From Policy Matters Ohio

Ohio should increase funding for public childcare so more working families can make ends meet and communities can enjoy the economic benefits, a new Policy Matters Ohio report says.

Ohio’s funding for public childcare has improved but still falls short of what is needed. Ohio should expand access to the program while also improving quality.

“It is more difficult for families to qualify for Ohio’s childcare program than it is to qualify for programs in 44 other states,” said Senior Project Director Wendy Patton, the report author. “Yet the cost of childcare is staggeringly high, taking up to half of the earnings of a parent with two young children making about $40,000 a year in Ohio.”

Ohio should restore initial eligibility back to the 2010 threshold of 200 percent of the poverty line, or about $40,000 for a parent and two children. At that income level, the family is eligible for help from food pantries. They should also be eligible for help with one of the largest parts of a young family’s budget: childcare.

The state should also improve the quality of the childcare services for low-income working families. Poor quality care can hurt children during the important early years, when their brains are wired to do the most learning.

The small businesses that provide childcare services for the state struggle to keep trained staff and provide quality care because the state payment for the service is so low. For example, the gap between what Ohio pays for infant care and the nationally recommended rate is the second largest in the nation.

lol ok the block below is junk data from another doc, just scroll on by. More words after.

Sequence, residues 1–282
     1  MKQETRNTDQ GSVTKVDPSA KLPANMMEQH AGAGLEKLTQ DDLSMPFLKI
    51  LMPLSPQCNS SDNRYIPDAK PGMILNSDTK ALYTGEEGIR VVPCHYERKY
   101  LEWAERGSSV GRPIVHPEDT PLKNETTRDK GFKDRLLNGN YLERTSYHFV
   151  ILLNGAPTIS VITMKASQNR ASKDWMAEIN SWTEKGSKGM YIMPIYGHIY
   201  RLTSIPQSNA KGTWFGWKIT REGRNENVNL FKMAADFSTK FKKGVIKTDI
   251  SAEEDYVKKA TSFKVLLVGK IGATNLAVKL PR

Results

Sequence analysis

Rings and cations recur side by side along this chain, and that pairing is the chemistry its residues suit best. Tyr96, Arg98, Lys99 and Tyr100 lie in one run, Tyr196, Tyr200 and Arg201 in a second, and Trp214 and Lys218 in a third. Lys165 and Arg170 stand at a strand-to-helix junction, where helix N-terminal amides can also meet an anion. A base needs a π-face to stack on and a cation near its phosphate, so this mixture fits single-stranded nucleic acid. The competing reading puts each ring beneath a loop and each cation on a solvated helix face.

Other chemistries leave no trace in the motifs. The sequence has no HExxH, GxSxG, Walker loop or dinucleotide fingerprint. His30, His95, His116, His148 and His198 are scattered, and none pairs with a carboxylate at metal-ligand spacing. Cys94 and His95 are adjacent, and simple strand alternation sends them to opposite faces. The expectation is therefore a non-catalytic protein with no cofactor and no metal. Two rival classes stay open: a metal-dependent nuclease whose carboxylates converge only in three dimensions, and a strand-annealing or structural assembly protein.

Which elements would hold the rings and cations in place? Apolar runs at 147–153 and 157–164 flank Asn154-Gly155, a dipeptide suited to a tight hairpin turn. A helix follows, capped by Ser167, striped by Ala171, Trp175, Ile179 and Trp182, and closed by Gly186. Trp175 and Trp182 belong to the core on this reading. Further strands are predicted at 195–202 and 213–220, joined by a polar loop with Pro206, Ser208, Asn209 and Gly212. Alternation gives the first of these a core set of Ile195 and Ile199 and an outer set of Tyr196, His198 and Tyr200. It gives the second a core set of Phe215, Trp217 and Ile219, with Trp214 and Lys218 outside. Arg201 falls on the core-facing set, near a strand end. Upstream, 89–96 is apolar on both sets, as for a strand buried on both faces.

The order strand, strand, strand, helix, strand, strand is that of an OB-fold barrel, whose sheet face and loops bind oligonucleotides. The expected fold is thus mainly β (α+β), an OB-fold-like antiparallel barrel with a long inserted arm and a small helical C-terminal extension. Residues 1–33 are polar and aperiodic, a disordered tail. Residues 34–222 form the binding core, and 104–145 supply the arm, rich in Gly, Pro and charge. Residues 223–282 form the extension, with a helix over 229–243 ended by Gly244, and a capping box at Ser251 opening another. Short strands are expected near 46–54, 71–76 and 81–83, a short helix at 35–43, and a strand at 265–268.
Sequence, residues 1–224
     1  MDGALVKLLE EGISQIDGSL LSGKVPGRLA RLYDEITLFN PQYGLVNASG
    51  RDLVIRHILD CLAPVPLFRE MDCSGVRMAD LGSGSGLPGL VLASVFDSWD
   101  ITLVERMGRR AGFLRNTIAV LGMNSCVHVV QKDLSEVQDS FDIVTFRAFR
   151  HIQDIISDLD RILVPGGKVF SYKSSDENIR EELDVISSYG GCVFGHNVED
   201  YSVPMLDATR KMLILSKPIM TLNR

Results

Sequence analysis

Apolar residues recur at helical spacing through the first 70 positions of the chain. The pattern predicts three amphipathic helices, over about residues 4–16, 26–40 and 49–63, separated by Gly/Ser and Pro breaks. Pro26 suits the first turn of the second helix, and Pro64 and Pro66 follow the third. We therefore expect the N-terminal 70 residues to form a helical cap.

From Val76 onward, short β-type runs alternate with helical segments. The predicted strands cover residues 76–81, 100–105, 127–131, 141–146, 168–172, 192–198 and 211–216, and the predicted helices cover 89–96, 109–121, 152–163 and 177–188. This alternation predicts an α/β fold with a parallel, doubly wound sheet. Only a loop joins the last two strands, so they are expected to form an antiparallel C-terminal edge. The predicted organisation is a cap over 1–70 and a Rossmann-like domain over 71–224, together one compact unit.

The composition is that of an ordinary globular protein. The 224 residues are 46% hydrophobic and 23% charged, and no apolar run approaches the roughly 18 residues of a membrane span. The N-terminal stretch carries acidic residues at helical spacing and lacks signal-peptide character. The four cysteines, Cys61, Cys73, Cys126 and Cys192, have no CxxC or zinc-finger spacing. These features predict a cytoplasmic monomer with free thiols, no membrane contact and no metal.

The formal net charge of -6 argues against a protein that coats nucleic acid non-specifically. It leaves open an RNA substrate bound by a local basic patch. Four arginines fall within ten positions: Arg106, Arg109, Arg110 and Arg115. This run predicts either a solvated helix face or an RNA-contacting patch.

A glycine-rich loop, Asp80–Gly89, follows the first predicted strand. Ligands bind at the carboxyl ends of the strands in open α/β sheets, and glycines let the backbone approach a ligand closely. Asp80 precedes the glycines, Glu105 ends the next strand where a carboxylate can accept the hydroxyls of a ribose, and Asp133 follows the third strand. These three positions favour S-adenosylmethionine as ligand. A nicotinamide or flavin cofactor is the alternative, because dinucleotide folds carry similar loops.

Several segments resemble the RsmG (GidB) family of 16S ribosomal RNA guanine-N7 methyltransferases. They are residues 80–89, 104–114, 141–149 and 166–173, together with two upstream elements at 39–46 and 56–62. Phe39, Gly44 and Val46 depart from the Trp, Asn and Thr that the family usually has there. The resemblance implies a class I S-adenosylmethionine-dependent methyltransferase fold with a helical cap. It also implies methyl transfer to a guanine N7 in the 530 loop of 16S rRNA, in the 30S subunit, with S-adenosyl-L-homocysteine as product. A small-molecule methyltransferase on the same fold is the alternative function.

“Quality affordable childcare yields high returns for children, families, communities and the economy,” Patton said. “Most importantly, it prepares children to learn and get along, building a foundation for a productive life.”

Ohio’s public childcare program was improved in the current budget. Legislators eliminated co-pays for the poorest working families, allowed families in the program to remain enrolled with some help all the way up to 300 percent of poverty and allowed extended time for a job search once a year. They also raised the ceiling at which a family can get into the program from 125 percent of the poverty level ($25,200 for a parent with two children) to about 130 percent ($26,208).

“The program is a little better, but there is more work to be done,” Patton said.

From Policy Matters Ohio

Policy Matters Ohio is a nonpartisan research institute creating a more vibrant, equitable Ohio.

Policy Matters Ohio is a nonpartisan research institute creating a more vibrant, equitable Ohio.